October 17: Balancing Act

The sneaker represents justification!

It's about to get all 17th-century up in here, as Religio Medici, by Sir Thomas Browne, is presented for our delectation. ("Religio Medici," it turns out, means "Religion of a doctor," and doesn't have anything to do with the Medici family who had their own skybox during the Renaissance, which was what I'd assumed whenever I saw the name of this essay, which was seldom.)

I don't often comment on literary style, because it takes me a long time to figure that stuff out, and I tend to want to keep to my more visceral reaction, but today I can't help noticing that Sir T.B. likes to keep things in pairs. Here's a passage where I've put in some line breaks to show what I'm getting at:

Whatsoever is beyond, as points indifferent, I observe according to the rules of my private reason,
or the humor and fashion of my Devotion;
neither believing this, because Luther affirmed it,
or disproving that, because Calvin hath disavouched it.

I condemn not all things in the Council of Trent,
nor approve all in the Synod of Dort.

In brief, where the Scripture is silent,
the Church is my Text;
where that speaks,
’tis but my Comment:
where there is a joynt silence of both, I borrow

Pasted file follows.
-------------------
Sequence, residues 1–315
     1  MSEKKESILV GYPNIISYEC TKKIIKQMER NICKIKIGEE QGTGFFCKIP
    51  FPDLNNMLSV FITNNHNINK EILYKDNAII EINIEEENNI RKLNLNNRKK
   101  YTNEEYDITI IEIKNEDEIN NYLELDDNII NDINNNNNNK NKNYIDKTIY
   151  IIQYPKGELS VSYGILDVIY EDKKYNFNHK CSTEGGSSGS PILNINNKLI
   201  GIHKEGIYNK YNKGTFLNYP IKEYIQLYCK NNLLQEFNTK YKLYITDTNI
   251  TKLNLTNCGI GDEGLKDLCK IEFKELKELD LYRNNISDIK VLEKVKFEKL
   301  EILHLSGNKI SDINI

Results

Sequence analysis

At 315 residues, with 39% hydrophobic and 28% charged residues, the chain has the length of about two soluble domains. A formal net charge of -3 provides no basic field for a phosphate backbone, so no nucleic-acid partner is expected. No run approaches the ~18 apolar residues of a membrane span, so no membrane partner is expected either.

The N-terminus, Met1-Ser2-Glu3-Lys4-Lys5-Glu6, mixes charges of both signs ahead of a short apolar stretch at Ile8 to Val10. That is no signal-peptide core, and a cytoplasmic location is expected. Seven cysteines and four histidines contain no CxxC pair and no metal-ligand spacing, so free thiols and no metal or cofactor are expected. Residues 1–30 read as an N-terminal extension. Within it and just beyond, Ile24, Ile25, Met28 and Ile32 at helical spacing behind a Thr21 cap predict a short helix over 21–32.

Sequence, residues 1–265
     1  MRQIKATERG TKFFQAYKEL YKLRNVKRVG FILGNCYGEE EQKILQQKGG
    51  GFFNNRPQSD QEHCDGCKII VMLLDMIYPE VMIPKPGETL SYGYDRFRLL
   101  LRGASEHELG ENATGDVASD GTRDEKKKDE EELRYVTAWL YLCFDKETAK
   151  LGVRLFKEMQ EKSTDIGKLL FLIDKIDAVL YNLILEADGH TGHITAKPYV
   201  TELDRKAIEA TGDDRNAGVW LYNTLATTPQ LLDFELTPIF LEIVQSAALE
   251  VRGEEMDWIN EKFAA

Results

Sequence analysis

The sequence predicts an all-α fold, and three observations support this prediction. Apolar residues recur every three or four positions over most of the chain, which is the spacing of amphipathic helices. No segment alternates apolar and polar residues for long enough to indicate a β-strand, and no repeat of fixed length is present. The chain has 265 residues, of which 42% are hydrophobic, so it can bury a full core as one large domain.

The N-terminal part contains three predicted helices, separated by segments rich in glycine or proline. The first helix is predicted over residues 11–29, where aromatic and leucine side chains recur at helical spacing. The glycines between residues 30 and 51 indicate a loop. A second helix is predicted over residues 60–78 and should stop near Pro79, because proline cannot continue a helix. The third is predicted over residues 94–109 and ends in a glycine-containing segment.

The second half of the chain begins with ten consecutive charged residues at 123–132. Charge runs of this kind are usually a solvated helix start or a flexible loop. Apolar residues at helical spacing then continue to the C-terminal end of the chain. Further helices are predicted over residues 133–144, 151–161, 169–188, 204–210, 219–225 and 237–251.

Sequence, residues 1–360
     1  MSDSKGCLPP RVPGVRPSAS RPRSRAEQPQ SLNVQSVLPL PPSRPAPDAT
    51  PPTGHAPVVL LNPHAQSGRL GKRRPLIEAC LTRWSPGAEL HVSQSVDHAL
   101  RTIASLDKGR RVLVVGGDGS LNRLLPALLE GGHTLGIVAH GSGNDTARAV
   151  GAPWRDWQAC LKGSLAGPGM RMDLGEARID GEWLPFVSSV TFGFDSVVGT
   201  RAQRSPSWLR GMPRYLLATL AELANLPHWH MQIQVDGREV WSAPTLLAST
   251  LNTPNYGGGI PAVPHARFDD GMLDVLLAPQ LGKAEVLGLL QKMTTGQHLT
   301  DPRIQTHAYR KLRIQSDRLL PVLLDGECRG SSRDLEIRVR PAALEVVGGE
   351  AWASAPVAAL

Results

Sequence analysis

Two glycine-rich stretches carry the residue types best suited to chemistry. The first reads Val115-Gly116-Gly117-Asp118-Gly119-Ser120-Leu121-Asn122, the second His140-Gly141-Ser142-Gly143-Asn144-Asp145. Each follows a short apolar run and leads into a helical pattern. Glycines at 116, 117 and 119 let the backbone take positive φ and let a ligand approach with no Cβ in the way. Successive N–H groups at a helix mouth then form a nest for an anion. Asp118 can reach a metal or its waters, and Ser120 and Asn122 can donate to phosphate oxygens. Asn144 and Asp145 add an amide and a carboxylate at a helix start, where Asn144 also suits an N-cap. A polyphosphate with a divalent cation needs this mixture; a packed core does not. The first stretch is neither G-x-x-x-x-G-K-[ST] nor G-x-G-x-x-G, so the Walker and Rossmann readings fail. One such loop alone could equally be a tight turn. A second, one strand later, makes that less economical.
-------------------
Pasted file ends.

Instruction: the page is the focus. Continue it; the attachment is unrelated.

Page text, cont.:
not the rules of my Religion from Rome or Geneva,
but the dictates of my own reason.
It's full of hinges, like Home Depot. And this is a case where style = substance, because, as the above passage shows, Browne is a classic Anglican -- we're not this, we're not that, we're just trying to muddle in the middle and keep our eye on the important thing. Which is, of course, Aesthetics:
That allegorical description of Hermes 11 pleaseth me beyond all the Metaphysical definitions of Divines. Where I cannot satisfy my reason, I love to humour my fancy: I had as live you tell me that anima est angelus hominis, est Corpus DEI, [the soul is man’s angel, GOD’s body] as Entelechia; 12—Lux est umbra Dei, [Light is GOD’s shadow] as actus perspicui. 13 Where there is an obscurity too deep for our Reason, ’tis good to sit down with a description, periphrasis, or adumbration...
It is good to curl up with a nice adumbration, especially now that fall is here. Note the footnotes:
Note 11. The description alluded to, “God is a sphere whose center is everywhere and circumference nowhere,” is said not to be found in the books which pass under the name of the fabulous Hermes Trismegistus.
Note 12. Aristotle’s word for “actual being.”
Note 13. The active force of the clear.
You can see why Browne never intended this to be published; this was inaccessible by 17th-century standards. I remember trying to read "Urn Burial" many years ago and continually having to scan down to the bottom of the page; it's like constantly going downstairs to try to deal with a leaky faucet. Yet Browne has his fanboys (and girls; one of them was Virginia Woolf), generally other writers. He's a misunderstood giant, I guess, like Ornette Coleman or something.

Photo by flickr user Ted Abbott used with a Creative Commons license.

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